The right to maintenance and cure is the most basic right of a seaman laid down in ancient maritime law, and it never fails to surprise maritime attorneys when employers deny or delay these basic privileges of the Jones Act seaman.
Maintenance and cure benefits were topmost on my mind when I read this report about a crewmember off the coast of Galveston, who had to be medevaced from a vessel after he fell on board, and suffered broken bones. The incident took place on the motor vessel Sicily. Fortunately, the Coast Guard was able to evacuate the crewmember, and he is currently recuperating at the University of Texas Medical Center in Houston.
Maritime Attorneys can Help Recover Maintenance and Cure Benefits
The right to maintenance, which includes expenses related to house rent, groceries, and utilities begins as soon as the injury occurs. The amount of maintenance is also an issue that frequently lands before a maritime lawyer. Maritime statutes don’t lay down a specific amount that must be paid to an injured seaman, and the rate can vary.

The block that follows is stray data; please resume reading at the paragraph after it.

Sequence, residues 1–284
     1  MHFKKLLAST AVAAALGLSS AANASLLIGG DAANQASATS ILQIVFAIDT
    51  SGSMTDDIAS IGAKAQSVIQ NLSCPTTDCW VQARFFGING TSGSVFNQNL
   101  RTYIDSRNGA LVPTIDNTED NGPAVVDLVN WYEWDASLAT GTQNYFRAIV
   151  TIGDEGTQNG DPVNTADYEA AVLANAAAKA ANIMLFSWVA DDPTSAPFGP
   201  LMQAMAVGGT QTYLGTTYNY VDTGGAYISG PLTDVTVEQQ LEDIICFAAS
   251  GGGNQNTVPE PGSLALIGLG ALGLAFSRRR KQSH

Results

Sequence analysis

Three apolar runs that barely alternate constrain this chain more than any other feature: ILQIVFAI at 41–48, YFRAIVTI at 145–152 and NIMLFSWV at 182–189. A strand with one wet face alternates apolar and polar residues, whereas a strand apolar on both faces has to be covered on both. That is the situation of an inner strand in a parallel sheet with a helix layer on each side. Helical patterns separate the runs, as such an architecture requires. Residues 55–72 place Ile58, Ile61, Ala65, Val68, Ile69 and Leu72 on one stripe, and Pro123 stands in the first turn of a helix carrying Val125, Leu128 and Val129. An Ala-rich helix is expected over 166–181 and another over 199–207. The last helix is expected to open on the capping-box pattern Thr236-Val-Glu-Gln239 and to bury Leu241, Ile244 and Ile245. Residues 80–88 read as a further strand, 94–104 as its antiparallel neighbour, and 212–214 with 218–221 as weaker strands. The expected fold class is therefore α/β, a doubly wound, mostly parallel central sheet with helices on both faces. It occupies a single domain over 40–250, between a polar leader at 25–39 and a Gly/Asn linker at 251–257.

Often, an employer may try to set a certain standard low rate for maintenance, telling the worker that this is the rate that has been set down for all seamen. As a maritime attorney, I want to make this very clear – you should not have to settle for any amount that your employer sets down, if this amount is too low for you to meet your basic daily needs.
Cure benefits refer to medical expenses incurred after the injury, including hospital costs, medication costs, and physical therapy. Cure expenses may also include unseen expenses, like the cost of travel to and from a doctor’s clinic. This is also the responsibility of the employer, and will continue to be so, even if the worker is somehow responsible for his own accident.
I hope that the injured worker is here is aware of his rights to receive maintenance and cure payments that have already kicked in.